Many a head has been scratched over what is called the liturgical year.
Just to poke fun at myself - as it has recently been brought to my attention that I have very distinct speech patterns and phrases - Here is one of them-For example:
When does the Church celebrate a New Year? The last Sunday in November = the first Sunday of the new liturgical year with the first Sunday in Advent.
What is recognized as the birthday of the Christian church? Pentecost - the advent of the Holy Spirit.
Of decidedly less spiritual import but on the minds of many a vicar, priest in charge or rector is: Which is the most heavily attended regular service? Probably Christmas Eve, followed closely by the family service on Easter Sunday.
After the forty days of Eastertide the winds of change sweep through at Pentecost. Parenthetically, have you ever found it odd that the day where all the church appointments and vestments are red is also known as Whit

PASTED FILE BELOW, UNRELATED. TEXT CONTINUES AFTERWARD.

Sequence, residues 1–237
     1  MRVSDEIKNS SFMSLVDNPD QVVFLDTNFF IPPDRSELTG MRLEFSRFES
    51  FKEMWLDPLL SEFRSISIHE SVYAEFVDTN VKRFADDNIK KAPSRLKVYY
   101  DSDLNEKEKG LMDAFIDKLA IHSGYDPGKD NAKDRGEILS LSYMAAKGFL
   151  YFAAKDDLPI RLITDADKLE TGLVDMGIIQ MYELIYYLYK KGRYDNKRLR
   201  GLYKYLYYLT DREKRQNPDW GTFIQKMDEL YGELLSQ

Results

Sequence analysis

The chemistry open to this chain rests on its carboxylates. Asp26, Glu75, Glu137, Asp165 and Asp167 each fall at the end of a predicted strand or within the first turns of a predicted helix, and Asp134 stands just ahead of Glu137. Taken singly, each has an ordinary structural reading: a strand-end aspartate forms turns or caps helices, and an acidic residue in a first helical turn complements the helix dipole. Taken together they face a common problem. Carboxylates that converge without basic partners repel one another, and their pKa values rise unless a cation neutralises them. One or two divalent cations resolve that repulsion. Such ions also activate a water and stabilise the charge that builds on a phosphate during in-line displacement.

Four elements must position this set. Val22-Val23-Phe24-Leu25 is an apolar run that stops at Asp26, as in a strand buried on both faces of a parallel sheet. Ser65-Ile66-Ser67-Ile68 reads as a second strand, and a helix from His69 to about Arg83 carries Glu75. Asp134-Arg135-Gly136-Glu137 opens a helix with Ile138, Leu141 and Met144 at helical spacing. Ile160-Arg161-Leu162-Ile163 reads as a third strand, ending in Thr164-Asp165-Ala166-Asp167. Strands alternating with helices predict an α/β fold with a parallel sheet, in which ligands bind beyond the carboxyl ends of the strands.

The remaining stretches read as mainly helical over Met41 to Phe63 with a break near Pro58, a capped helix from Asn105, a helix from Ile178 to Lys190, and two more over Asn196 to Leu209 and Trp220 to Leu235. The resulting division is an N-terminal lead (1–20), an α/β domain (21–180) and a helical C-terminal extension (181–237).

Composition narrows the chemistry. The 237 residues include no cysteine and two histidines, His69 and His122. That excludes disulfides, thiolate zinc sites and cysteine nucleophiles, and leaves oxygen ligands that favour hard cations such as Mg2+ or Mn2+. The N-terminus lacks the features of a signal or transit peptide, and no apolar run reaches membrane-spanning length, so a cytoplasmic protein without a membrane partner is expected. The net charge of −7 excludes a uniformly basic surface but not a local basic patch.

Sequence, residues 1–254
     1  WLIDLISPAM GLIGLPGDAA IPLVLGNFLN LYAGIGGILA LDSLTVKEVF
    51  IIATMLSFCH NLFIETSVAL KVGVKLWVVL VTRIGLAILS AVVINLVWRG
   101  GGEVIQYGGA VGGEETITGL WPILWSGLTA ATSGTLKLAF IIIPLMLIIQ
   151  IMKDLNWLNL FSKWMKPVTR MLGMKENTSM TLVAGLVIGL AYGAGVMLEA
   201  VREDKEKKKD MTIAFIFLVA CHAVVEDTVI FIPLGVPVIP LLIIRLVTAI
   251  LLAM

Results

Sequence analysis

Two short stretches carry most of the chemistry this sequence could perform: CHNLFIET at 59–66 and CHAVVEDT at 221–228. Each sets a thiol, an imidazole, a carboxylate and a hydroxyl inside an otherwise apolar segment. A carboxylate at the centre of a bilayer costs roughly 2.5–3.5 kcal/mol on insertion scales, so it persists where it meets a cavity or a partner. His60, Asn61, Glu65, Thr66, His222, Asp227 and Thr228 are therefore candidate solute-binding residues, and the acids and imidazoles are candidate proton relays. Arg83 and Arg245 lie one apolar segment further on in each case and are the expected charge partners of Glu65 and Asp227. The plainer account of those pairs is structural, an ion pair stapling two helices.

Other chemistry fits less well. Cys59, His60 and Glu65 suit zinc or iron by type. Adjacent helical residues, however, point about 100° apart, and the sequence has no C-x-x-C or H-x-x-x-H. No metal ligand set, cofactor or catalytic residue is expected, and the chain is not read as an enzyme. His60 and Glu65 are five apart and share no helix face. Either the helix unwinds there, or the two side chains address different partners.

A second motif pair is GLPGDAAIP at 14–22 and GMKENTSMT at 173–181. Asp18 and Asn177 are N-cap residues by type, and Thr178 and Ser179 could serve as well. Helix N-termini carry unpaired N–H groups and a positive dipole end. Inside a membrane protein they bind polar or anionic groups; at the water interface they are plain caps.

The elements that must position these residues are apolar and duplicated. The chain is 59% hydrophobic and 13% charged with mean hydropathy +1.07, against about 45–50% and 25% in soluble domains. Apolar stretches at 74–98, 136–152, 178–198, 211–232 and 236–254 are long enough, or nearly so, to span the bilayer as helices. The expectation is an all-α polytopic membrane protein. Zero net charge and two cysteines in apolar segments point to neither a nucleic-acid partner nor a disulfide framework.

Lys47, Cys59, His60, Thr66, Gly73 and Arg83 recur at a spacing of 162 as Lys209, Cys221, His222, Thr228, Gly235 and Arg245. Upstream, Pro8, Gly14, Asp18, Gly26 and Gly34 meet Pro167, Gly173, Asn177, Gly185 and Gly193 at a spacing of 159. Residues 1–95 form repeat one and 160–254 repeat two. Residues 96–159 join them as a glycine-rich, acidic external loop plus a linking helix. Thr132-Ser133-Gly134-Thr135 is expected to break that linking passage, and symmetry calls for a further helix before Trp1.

Different dioceses and congregations find different ways to set Pentecost apart by doing things a bit different liturgically. In my various parish placements there were different traditions and some innovations. One congregation, embracing the diversity of heritage within it had several brave souls stand up in turn and read a section of the Gospel in their language of origin while the entire Gospel was dramatically presented in American Sign Language; another congregation had inflated red and white balloons placing them in a net near the ceiling.... after the dismissal the net was pulled and the balloons came tumbling down to oooooohs and aaaaaaahs; another handed out bottles of bubbles for everyone to enjoy after the service.
Some communities are blessed with an abundance of congregants in the fine and performing arts. Although less abundant than 'Easter Sunday' music, a new hymn or rousing chorus could be written to send the church out into the world; the Gospel can be transformed into a performance piece with many speaking parts (maybe even sound effects!); the gift of the Holy Spirit would be a marvelous thing to be interpreted through liturgical dance.
These are simply recollections that may serve as a springboard to consider different liturgical options. How does your congregation celebrate Pentecost? Be my guest to forward your reflections or pieces or pictures to me here at email@example.com
for posting so that we can all enjoy them!